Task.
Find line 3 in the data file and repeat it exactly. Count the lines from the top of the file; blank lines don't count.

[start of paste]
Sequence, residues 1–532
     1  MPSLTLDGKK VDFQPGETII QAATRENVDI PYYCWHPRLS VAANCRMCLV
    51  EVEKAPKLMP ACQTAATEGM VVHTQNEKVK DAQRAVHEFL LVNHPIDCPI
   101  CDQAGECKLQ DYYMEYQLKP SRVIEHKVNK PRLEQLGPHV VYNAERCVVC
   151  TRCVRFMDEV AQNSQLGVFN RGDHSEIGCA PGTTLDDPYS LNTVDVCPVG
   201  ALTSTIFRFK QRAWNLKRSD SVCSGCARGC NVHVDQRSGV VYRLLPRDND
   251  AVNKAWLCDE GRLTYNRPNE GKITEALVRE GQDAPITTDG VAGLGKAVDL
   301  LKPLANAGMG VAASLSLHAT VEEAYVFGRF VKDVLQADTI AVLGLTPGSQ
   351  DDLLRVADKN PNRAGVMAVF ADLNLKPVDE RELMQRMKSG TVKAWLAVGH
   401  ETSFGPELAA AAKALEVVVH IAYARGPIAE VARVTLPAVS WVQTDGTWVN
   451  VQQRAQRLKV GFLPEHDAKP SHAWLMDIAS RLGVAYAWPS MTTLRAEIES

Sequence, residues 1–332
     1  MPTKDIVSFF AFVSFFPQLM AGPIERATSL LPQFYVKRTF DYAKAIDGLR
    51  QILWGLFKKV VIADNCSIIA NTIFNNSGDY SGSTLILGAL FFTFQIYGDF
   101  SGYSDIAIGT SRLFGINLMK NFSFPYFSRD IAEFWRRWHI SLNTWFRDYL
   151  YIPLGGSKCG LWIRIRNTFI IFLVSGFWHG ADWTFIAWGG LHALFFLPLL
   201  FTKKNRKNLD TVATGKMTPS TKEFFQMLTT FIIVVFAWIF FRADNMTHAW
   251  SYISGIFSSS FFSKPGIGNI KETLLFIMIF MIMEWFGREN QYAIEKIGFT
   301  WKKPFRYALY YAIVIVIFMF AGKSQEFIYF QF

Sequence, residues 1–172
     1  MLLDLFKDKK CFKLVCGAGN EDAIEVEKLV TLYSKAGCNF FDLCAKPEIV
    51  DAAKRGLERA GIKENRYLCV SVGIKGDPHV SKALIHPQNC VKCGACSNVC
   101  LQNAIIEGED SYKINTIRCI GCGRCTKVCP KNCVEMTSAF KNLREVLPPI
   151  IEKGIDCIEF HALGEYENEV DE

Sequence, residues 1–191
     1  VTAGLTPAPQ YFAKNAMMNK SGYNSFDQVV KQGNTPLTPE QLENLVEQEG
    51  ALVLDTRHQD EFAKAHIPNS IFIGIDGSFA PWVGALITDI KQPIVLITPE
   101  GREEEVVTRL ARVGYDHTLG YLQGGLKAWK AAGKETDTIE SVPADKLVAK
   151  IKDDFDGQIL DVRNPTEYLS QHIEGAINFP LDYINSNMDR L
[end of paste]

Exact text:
    51  EVEKAPKLMP ACQTAATEGM VVHTQNEKVK DAQRAVHEFL LVNHPIDCPI